Home POLITICS Minority oppose use of Heritage Fund for COVID-19 fight

Minority oppose use of Heritage Fund for COVID-19 fight

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The Minority Leader, Haruna Iddrisu has shot down proposals for government to use part of the Heritage Fund to finance the fight against the coronavirus disease in the country.

The Minority insists that it’s not yet time for government to touch the Fund.

Finance Minister, Ken Ofori Atta had earlier today, Monday, March 30, 2020, proposed the amendment of the Petroleum Revenue Management Act to allow the government to utilize portions of the Ghana Heritage Fund.

President Nana Akufo-Addo in his last address to the nation on the spread of Coronavirus in Ghana on Friday, March 27, 2020, said that he has instructed the Finance Minister to make available GHC1 billion in a move to mitigate the impact of Coronavirus on businesses and households and to ensure that job losses are minimized.

But the Minority Leader, Haruna Iddrisu argued that the government’s financial programmes must directly affect the ordinary Ghanaian.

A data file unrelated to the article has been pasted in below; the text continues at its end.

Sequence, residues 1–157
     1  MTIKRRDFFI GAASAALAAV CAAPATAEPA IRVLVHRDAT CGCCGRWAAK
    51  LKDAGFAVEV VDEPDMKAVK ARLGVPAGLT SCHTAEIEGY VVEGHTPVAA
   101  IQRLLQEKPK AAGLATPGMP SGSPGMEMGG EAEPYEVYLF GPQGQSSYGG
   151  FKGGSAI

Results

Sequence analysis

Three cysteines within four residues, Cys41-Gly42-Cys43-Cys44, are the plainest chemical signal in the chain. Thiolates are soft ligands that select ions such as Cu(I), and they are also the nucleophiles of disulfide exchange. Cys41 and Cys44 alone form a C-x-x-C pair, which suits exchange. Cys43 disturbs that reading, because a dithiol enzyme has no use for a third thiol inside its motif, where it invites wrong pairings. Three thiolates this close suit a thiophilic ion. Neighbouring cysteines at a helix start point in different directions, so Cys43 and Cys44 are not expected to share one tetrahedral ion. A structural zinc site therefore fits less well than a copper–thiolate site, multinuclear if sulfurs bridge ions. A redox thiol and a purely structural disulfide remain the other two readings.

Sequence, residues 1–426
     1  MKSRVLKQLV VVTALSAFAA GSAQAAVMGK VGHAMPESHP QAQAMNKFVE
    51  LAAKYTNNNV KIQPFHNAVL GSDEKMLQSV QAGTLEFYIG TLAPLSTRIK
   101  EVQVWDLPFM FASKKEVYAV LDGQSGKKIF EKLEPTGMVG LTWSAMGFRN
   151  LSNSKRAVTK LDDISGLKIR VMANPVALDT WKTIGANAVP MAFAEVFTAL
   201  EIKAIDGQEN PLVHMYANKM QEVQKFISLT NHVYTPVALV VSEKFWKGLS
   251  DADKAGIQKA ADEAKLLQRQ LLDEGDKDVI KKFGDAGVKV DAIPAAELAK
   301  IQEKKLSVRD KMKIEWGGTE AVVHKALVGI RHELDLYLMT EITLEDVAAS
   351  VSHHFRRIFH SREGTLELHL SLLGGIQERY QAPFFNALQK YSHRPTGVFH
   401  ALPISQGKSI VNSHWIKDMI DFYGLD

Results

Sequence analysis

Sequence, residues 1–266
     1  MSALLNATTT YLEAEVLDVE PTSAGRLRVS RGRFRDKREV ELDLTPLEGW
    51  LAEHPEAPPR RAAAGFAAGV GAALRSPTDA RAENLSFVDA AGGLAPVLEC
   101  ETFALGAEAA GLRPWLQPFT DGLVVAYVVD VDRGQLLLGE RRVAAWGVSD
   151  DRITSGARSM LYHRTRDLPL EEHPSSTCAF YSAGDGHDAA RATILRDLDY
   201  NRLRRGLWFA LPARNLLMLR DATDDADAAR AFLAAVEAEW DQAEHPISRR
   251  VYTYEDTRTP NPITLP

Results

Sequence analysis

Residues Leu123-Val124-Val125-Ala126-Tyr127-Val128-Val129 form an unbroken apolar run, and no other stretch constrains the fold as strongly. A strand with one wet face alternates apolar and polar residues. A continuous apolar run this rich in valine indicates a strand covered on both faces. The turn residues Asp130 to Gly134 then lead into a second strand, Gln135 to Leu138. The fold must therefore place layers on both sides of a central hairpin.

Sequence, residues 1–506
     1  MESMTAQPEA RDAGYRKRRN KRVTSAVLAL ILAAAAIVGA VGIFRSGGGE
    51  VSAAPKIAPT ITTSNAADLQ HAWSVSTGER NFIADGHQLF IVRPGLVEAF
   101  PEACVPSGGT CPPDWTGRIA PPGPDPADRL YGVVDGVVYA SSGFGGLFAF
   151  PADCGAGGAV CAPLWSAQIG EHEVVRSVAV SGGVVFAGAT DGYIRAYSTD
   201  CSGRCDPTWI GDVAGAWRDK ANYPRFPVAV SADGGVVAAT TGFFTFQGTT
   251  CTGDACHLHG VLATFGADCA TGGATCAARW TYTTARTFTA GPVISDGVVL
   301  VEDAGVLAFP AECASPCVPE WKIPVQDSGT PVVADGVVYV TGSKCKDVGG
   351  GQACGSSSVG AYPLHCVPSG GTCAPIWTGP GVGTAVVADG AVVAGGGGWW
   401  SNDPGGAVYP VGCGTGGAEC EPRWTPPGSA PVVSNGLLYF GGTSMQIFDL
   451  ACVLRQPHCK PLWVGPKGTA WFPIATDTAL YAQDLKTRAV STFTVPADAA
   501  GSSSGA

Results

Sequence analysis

“There is no difficulty in giving him (Finance Minister) approval to use the stabilization Fund but what we are saying is that the Heritage Fund was set out for a purpose and we are not there yet. So make use of the stabilization reserve to support your activities and not the Heritage Fund,” Haruna Iddrisu insisted.

About the Heritage Fund

The Heritage Fund is a creation of section 10 of the Petroleum Revenue Management Act 815 enacted in 2011.

The purpose of the establishment of this fund is to provide an endowment to support the development of future generations when the petroleum reserves have been depleted according to Act 815 (2011) and amended Act 893 (2015).

The fund receives a percentage of oil revenue accrued to the Petroleum Holding Fund.

In view of this Parliament of Ghana pegged this figure at 9%. This means that out of the total oil revenue received into the Petroleum Holding Fund the Heritage Fund receives only 9%.

Coronavirus pandemic to cost Ghana GHS9.5bn – Finance Minister

The novel coronavirus pandemic is set to cost Ghana GHS9.505 billion, according to Ken Ofori-Atta, the Finance Minister.

This will be 2.5 percent of Ghana’s revised GDP.

“Mr. Speaker, the total estimated fiscal impact from the shortfall in petroleum receipts, shortfall import duties, the shortfall in other tax revenues, the cost of the preparedness plan, and the cost of Coronavirus Alleviation Programme is GHS9.505 billion,” he said when he appeared in Parliament today, Monday.

 

 

 



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